My Response to Steve McSwain’s Six Things

Last week, I read an article in the Huffington Post, Six Things Christians Should Just Stop Saying, by Steve McSwain (Feb. 28, 2013). It had been written by a Christian who challenged the beliefs of many of his fellow believers. I found the article interesting, and while it expressed nothing new, it may have been the first time a Christian voiced those opinions in such a mainstream, and perhaps defiant, way.

I thought others might be interested in reading the piece, so I shared the link on facebook. I share things all the time, things I find inspiring, interesting, or informative, as do many of the people who “friend” me on facebook. I shared the link and then I hit the road, thinking nothing of it.

With our windows down, our radio up, and the sun in sight, our family headed for the hills. We spent most of Spring Break unplugged, hiking remote mountain trails, and feeling incredibly close to God. But when I returned to the world of wifi and facebook, I realized I had left many of you with an article that surged your emotions.

I appreciated reading your reactions to the article, and I can tell many of you put much thought, time, and energy into your responses. For each of you who responded publically, there were many others reading quietly in their living rooms either agreeing or disagreeing with your viewpoints (some of whom contacted me privately to express those views).

I intentionally have not shared my personal beliefs about McSwain’s article. Why? Because they are irrelevant. I was not trying to point out a right way or a wrong way to interpret Christianity, and I certainly wasn’t trying to offend anyone. I was simply sharing another person’s point of view…because I enjoy hearing other opinions, stretching my mind, and exploring different angles. And because many of my friends do, too.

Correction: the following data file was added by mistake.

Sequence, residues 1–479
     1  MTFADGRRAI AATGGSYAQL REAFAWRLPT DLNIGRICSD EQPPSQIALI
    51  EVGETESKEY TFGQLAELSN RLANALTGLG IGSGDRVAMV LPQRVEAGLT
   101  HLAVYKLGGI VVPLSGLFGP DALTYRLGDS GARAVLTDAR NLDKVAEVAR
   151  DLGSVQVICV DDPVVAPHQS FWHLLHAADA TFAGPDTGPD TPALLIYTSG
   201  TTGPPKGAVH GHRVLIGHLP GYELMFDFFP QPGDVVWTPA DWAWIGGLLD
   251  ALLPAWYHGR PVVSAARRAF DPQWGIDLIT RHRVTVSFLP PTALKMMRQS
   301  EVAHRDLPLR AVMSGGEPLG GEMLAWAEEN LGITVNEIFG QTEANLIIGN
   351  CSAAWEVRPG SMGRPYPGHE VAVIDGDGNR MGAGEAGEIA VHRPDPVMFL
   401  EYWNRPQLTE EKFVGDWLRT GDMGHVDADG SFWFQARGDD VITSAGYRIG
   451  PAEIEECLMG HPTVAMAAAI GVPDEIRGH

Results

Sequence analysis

While the author’s tone may have been a bit crass, I honestly don’t think he wrote the article to stir emotions or cause anyone strife. Instead, as Cherise Olson pointed out in her poignant facebook comment…he was highlighting the fact that Christianity encases a large range of beliefs. And that it’s all okay.

Yet, we continue to argue among ourselves.

What happens to a group whose members argue? They eventually split, which is exactly why we have so many different denominations within our Christian faith…and even within those denominations, teachings vary greatly from pulpit to pulpit.

I have been blessed to travel a little in my life. I have lived in many places, attended many churches, and observed many different interpretations of the Bible. Some Christians view their personal interpretation as the only right way, but many of us listen to other viewpoints respectfully, acknowledging we are all trying our best to live a life of faith and to engage actively in spiritual growth.

Like everyone else on this lovely planet, I am flawed beyond description. I have human moods, physical and emotional limitations, and I make mistakes. But I try, every moment of every day, to live in a way that exhibits a deep faith in something larger than myself, a belief that we are each here for a reason, and a trust that this earthly trek is only a small part of our eternal journey.